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Emerging foodborne diseases and NEHA's response.

On July 3, 1996, NEHA's Council of Delegates adopted a position on emerging infectious diseases (journal of Environmental Health, October 1996). We defined emerging infectious diseases as "infections that have newly appeared in a population or have existed but are rapidly increasing in incidence or geographic range, [and which] are currently the leading cause of death worldwide." For the purposes of this column, I am focusing on foodborne diseases.

In the United States, foodborne illnesses affect six million to 80 million people each year, cause 9,000 deaths, and cost an estimated $5 billion. The typical effects of these illnesses - nausea, vomiting, and diarrhea - are well known to most people; however, those of us who work in environmental health know that many of the emerging foodborne diseases may cause chronic sequelae or disability. Examples of these diseases and their outcomes are

* listeriosis (which can cause miscarriages and meningitis in patients with chronic diseases),

* Escherichia coli O157:H7 infections (which can cause hemolytic uremic syndrome, the most common cause of acute kidney failure in children in the United States),

* salmonellosis (which can lead to invasive disease, reactive arthritis, and campylobacteriosis), and

* Guillain-Barre syndrome (which is one of the most common causes of flaccid paralysis in the United States in the last 50 years).

In the past 20 years, we have seen a startling number of new foodborne pathogens emerge in the United States; in addition, several pathogens have been newly recognized as being predominantly foodborne. This list is long, but would include Campylobacter jejuni; Campylobacter fetus sp. fetus; Cryptosporidium cayetanensis; E. coli O157:H7 and related E. coli (e.g., O111:NM, O104:H21); Listeria monocytogenes; Norwalk-like viruses; Nitzschia pungens; Salmonella enteritidis; Salmonella typhimurium DT 104; Vibrio cholerae 01; Vibrio vulnificus; Vibrio parahaemolyticus; and Yersinia enterocolitica.

Why the dramatic increase? Experts agree on several categories of factors that have contributed to the increase of foodborne diseases in the United States. These include

* changes in demographics, such as

- increasing numbers of immuno-compromised individuals,

- an aging population, and

- advances in medical technology that have increased the life expectancy of individuals with chronic conditions;

* changes in behavior, such as

- changes in food consumption patterns (e.g., from 1970 to 1994, consumption of fresh fruit and vegetables increased 50 percent),

- consumption of more food away from home (fast food, salad bars, etc.), and

- a decline in food safety education;

* changes in industry and technology, such as mass-distributed food products and consolidation of industry (in 1945 the typical hen house contained 500 birds, and in 1995 it contained 100,000 birds);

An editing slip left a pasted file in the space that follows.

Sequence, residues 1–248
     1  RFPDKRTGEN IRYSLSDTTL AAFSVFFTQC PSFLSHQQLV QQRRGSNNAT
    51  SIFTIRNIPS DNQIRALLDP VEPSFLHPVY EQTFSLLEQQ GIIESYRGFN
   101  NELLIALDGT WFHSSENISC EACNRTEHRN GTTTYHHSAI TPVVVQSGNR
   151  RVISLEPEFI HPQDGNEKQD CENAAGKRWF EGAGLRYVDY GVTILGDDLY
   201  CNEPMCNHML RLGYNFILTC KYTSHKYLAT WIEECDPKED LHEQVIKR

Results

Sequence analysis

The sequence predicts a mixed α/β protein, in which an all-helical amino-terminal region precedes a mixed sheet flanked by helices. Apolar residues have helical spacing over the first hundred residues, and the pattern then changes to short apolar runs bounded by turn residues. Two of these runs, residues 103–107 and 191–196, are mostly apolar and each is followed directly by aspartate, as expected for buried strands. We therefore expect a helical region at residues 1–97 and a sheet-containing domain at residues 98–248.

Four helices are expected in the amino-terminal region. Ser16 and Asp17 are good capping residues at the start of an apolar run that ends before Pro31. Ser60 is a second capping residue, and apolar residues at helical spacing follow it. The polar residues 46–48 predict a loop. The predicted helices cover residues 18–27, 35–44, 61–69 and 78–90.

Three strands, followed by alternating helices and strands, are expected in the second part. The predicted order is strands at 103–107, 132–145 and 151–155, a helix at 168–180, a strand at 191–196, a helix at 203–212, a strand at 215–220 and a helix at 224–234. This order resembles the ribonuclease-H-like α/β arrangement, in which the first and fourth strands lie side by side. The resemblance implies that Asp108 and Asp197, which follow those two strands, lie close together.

* changes in travel and commerce, including

- a dramatic increase in international travel (in 1950 over 5 million people traveled internationally, and by 2010 that number will increase to 937 million),

- international distribution of foods, and

- immigration (i.e., immigrants bring different foods and food preparation techniques);

* microbial adaptation and resistance to antimicrobials;

* economic development and land use; and

* the breakdown of the public health infrastructure (especially for surveillance).

The NEHA position stated: "With the recent demise of many environmental and public health programs, the existing capacity of the public and environmental health infrastructure at the local, state, national, and international level to respond to these challenges is limited." Recommendations were as follows: Human resource, equipment, and facility needs must be identified and addressed. Training needs of environmental and public health professionals, as well as [others], must also be identified and addressed. Additional emphasis should be given to the critical importance of communicating guidelines for disease prevention; the need for educating the public and policy makers about the importance of these issues; the need for strengthening existing partnerships and developing new ones; and the need to carefully identify priorities.

NEHA has taken its own message to heart and has moved aggressively toward providing a cadre of individuals credentialed in food safety In their December 1998 meeting, the NEHA Board of Directors approved a newly named credential, Certified Food Safety Professional, and the criteria necessary to obtain that credential. Any person sitting for the exam (which I understand is quite thorough!) must meet strict prerequisites in education and experience. In addition, Certified Food Safety Professionals must renew their credential every two years by taking approved continuing-education courses.

On other fronts, NEHA is working toward marketing new tools for hazard analysis critical control point (HACCP) education, possibly including short courses to be offered throughout the United States. Finally, we are forming new ties and strengthening old ones with industry and other food safety organizations, such as the Council for Food Protection.

To paraphrase the NEHA mission in Star Trekker terms, we have "boldly advanced food safety education for the environmental health professional to provide a safer food supply for all." I may not be Captain Picard, but I am pleased NEHA "made it so!"
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Title Annotation:National Environmental Health Association
Author:Gist, Ginger L.
Publication:Journal of Environmental Health
Date:Mar 1, 1999
Previous Article:A new year and a new start (of sorts) for us!
Next Article:Food safety certification and its impacts.

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